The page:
Edited by Fearabbit
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Not a single bit of what you said actually necessitates - or is even significantly changed by - the inclusions of a [lie] tag.

 

Well, I presented the argument that a [Lie] tag suggests to the player that the game is considering this possibility at all. Thus the player is assured that they will see a satisfactory quest development that coincides with their motivations.

I did say that there are other options, but that the ones I can think of don't convince me... so there are two possible responses to my post: Either argue that communicating to the player that there are multiple ways to play out this quest is unnecessary, or provide a better option than the [Lie] tag. You didn't do either right now, so excuse me if your post doesn't convince me. :)

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>A good game will not change your reputation unless you actually go so far that you get involved with the criminal activities of the bandits you're infiltrating.

as you said yourself.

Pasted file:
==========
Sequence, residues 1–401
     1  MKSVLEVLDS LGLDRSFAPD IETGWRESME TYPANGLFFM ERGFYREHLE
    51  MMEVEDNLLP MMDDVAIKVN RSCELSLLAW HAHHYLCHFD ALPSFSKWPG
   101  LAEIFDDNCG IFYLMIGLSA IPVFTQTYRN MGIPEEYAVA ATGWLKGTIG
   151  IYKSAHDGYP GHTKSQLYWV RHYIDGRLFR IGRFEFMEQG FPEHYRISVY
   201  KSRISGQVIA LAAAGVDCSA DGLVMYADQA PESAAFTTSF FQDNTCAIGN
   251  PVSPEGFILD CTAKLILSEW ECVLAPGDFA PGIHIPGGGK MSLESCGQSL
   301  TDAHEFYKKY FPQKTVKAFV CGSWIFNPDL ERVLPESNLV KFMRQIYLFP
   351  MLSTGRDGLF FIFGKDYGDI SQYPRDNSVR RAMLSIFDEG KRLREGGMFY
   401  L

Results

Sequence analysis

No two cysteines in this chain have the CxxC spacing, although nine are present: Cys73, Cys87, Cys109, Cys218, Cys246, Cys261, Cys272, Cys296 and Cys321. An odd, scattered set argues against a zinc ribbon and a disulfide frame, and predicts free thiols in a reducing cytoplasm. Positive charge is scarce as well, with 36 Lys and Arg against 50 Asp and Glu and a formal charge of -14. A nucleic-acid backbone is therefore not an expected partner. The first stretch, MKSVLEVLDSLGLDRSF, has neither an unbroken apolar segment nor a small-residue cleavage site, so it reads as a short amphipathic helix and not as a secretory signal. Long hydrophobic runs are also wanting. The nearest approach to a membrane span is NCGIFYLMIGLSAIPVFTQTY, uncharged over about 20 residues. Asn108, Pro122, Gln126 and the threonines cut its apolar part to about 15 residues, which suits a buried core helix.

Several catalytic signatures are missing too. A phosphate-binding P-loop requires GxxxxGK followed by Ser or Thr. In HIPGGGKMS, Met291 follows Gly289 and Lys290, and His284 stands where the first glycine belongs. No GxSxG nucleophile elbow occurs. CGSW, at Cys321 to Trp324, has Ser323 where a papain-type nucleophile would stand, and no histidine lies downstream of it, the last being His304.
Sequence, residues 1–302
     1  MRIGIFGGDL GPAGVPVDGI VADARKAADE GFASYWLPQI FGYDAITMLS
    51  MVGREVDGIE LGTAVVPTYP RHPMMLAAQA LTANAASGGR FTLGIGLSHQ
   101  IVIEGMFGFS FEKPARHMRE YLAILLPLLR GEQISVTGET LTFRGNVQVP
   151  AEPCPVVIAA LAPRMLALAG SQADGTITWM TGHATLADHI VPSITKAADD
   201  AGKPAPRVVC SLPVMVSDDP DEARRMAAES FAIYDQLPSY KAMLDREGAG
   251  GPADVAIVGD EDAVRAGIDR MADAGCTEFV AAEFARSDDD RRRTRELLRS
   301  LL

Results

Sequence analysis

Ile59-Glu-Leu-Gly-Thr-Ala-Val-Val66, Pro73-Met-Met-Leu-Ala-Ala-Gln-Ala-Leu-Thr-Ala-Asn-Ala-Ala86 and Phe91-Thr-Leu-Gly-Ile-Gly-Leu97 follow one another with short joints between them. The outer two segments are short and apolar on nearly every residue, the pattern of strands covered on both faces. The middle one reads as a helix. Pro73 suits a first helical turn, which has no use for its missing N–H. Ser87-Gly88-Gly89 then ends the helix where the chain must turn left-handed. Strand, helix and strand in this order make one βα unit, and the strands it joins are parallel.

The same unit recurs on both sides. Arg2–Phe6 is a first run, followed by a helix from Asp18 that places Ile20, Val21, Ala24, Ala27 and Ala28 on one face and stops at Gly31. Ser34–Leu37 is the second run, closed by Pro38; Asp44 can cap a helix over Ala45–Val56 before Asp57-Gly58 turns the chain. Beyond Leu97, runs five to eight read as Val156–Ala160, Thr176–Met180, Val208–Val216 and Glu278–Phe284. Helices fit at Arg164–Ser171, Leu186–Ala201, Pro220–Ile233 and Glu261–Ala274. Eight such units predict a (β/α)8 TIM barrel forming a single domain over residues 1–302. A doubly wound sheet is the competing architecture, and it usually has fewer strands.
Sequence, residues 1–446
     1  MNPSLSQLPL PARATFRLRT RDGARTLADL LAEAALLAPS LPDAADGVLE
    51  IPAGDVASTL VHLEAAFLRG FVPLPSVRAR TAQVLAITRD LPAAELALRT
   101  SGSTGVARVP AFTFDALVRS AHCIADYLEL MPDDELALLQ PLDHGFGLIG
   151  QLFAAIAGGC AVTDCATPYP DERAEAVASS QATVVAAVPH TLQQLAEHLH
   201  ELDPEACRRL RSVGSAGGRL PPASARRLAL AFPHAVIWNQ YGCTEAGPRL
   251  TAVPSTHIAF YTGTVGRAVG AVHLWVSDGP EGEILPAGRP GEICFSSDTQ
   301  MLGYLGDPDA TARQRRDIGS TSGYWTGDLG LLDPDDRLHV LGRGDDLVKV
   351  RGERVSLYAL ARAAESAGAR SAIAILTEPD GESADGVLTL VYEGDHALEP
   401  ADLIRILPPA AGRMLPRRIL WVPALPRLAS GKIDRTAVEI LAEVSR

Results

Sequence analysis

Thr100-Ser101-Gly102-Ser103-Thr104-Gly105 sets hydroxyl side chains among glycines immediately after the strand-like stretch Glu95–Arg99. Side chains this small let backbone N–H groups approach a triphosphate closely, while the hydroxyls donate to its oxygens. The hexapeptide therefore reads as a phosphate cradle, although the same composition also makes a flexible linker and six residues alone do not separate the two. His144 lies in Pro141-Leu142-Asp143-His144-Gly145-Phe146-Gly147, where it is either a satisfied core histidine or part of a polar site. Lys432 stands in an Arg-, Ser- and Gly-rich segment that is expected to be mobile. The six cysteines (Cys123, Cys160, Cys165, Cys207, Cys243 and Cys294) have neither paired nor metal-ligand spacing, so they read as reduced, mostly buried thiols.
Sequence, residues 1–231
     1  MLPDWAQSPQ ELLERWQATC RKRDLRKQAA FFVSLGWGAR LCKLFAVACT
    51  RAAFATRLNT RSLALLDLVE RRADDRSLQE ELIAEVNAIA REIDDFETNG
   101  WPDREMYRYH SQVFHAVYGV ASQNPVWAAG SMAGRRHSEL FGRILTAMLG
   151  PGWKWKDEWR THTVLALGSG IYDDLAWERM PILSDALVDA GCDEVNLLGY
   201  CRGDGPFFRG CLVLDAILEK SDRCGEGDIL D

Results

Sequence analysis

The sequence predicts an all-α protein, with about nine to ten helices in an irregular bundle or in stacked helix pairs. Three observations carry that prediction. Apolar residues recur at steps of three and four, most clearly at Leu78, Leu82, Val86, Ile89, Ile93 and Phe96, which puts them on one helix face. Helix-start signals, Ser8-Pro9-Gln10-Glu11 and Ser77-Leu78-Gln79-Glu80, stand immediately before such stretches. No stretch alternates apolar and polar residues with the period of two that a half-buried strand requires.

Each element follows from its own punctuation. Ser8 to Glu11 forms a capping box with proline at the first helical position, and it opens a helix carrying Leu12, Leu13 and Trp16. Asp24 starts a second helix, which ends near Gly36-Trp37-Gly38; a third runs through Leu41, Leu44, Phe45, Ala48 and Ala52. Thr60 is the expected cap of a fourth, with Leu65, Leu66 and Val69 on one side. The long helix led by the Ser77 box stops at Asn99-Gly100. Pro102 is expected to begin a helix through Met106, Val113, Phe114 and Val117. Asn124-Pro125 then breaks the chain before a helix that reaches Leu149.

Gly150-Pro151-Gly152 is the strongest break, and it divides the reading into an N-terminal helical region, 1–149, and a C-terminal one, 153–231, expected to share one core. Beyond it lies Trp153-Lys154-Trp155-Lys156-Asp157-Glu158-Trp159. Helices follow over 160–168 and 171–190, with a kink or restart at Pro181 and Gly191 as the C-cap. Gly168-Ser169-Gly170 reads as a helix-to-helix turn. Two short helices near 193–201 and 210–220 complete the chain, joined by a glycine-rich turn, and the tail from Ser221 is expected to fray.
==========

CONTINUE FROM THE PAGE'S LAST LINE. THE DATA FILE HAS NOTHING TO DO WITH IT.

so the game will not make you *known* as a bandit, if you just say "Let me join you". it will give the reputation, if you follow the bandits on a raid and attack a caravan. at least that's how obsidian games have been made so far

The words freedom and liberty, are diminishing the true meaning of the abstract concept they try to explain. The true nature of freedom is such, that the human mind is unable to comprehend it, so we make a cage and name it freedom in order to give a tangible meaning to what we dont understand, just as our ancestors made gods like Thor or Zeus to explain thunder.

 

-Teknoman2-

What? You thought it was a quote from some well known wise guy from the past?

 

Stupidity leads to willful ignorance - willful ignorance leads to hope - hope leads to sex - and that is how a new generation of fools is born!


We are hardcore role players... When we go to bed with a girl, we roll a D20 to see if we hit the target and a D6 to see how much penetration damage we did.

 

Modern democracy is: the sheep voting for which dog will be the shepherd's right hand.

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First, I don't think you should get a bad reputation for pretending to be a bandit unless you actually get to rob people.

If I say that "I love FPS, especially Call of Duty and hate classic RPGs", will it matter that I made it up or will I get a bad reputation around here?

 

Second, I think it's important that the player gets an indication that the game "gets" what he's trying to do. If there's only the dialogue line "Let me join you!", the player doesn't know if choosing this option means that you actually become a bandit or if it also means that you can just pretend to be one to get into their camp.